How Has International Students’ Interest in the UK Changed Post-Brexit?

Our latest report reveals that international students’ interest in the UK has remained stable despite Brexit and COVID-19

Nearly five years after the EU referendum, the United Kingdom has finally left the European Union. Like many other sectors of the wider UK economy, it’s arguable that international higher education stands at a crossroads.

On the one hand, the UK higher education sector is free to follow the lead of the UK government, with its focus on ‘Global Britain’. 

Specifically, the UK government’s International Education Strategy aims to prioritise four ‘high-value’ regions where the UK will seek to increase its international student recruitment: China and Hong Kong, the Middle East & North Africa, Latin America and Southeast Asia.

But while these new markets undoubtedly present exciting growth opportunities for higher education institutions throughout the UK, it’s impossible to ignore the seismic impact that leaving the EU is having, and will continue to have, on European student recruitment to the UK.

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In February of this year, the UK Department of Education commissioned a report that predicted that Brexit may result in UK universities losing up to 62.5 million in tuition fee income.

This same analysis hypothesised that any increased tuition fee revenue would not compensate for the lost revenue associated with more students coming in.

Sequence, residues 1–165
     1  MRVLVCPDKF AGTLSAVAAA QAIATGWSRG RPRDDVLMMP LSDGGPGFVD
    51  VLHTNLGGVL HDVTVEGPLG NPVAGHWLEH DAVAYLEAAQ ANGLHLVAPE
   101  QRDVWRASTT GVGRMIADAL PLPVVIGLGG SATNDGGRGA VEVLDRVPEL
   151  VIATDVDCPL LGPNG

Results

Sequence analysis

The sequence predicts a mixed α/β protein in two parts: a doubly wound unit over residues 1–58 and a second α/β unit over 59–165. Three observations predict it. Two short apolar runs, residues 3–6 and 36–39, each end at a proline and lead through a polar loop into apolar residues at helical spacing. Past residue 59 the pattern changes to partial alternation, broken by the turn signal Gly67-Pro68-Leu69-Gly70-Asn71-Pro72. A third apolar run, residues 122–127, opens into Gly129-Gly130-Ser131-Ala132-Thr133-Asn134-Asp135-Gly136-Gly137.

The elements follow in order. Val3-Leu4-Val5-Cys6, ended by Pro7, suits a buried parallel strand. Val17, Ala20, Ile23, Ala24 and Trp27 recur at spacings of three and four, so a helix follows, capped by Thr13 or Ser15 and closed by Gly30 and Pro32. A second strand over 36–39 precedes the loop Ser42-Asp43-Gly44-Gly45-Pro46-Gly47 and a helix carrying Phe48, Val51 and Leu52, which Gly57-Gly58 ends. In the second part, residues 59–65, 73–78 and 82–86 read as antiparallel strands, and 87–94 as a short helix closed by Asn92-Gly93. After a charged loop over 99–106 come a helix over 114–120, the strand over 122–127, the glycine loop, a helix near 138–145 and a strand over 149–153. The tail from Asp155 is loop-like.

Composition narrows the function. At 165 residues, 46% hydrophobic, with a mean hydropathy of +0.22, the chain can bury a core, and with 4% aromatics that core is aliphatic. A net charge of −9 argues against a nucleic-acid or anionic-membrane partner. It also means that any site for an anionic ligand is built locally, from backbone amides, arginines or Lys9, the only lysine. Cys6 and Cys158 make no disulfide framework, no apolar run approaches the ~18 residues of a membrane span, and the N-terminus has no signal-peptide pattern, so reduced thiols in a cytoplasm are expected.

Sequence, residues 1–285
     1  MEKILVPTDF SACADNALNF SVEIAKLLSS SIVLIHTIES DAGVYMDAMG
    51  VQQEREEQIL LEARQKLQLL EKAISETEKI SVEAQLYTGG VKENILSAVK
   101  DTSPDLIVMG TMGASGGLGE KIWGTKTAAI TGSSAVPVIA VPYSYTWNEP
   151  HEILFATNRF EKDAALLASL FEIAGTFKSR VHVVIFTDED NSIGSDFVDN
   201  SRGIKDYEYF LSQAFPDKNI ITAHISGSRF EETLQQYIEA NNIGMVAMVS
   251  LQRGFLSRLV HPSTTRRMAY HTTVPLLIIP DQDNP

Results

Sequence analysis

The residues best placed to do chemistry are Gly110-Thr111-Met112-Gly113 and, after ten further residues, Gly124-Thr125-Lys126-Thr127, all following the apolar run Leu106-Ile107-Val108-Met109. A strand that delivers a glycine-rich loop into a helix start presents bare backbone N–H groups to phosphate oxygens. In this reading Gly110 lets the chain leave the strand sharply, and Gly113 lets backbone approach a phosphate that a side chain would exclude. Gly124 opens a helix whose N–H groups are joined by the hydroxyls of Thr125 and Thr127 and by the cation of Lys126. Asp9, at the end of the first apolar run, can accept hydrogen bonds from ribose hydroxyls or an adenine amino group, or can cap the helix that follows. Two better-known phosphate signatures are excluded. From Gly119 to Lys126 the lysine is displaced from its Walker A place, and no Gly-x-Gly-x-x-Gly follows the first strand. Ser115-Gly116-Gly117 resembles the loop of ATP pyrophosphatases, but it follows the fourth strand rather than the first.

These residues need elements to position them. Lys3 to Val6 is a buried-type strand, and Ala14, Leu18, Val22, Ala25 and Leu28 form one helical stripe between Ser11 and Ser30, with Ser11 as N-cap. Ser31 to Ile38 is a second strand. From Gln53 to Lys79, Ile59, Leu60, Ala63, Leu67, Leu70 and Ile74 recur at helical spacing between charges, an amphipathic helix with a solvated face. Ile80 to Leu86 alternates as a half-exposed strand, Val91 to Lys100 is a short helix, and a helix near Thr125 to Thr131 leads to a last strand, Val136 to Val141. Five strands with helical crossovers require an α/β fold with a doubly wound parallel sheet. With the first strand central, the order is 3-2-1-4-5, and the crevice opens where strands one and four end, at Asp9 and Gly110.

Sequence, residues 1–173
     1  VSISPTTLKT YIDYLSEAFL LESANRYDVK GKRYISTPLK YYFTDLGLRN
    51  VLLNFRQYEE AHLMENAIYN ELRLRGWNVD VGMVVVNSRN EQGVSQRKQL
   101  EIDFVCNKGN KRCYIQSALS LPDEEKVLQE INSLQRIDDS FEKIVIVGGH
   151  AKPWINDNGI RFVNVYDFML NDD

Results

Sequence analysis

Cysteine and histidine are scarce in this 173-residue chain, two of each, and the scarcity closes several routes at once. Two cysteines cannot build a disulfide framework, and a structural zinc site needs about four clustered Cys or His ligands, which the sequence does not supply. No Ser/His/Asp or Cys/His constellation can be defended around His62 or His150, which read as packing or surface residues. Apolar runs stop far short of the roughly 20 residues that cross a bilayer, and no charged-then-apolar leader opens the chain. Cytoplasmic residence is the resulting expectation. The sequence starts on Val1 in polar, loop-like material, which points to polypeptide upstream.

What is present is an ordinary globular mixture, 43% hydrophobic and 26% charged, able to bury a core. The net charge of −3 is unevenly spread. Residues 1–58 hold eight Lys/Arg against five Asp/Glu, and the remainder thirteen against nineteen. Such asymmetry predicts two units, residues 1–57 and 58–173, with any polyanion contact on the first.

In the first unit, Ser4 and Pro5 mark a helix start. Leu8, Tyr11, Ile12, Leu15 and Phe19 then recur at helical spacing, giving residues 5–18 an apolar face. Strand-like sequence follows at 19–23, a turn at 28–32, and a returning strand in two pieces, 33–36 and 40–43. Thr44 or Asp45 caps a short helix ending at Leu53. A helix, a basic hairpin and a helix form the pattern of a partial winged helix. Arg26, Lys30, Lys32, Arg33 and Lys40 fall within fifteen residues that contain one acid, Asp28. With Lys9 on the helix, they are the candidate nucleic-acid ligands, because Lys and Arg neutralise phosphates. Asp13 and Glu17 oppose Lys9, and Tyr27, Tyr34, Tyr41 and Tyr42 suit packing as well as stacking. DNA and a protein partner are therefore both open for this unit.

According to the most recent data from UCAS, as of January 2021, EU applications to UK universities had fallen 40% year on year, from over 43,000 in 2020 to just over 26,000 in 2021.  By contrast, the number of applications from non-EU countries rose by 17%.

Such a sudden shift in international student application patterns is indicative of the challenges that now face UK universities.

Specifically, UK higher education institutions now have two very distinct internationalisation challenges. On the one hand, they must consider how to expand their international recruitment strategy into new global markets. 

On the other hand, they face the challenge of repositioning themselves to potential EU undergraduates who may be put off by the loss of their home fee status. But our analysis of international students’ destination preferences tells a slightly more nuanced story. We examined how BridgeU international students’ interest in the UK as a study destination changed between the 2020 and 2021 application cycles.

What we discovered both complements, and diverges from, existing application trends reported by other UK higher education institutions, commentators and policymakers.

International students’ interest in the UK broadly remained stable year on year

We analysed the proportion of students who expressed early interest in the UK when they first started their guidance journey and built their personal profile in the BridgeU platform. 

Between 2020 and 2021, the percentage of students who expressed an interest in the UK remained stable, with a very slight decrease from 42% to 40% year on year.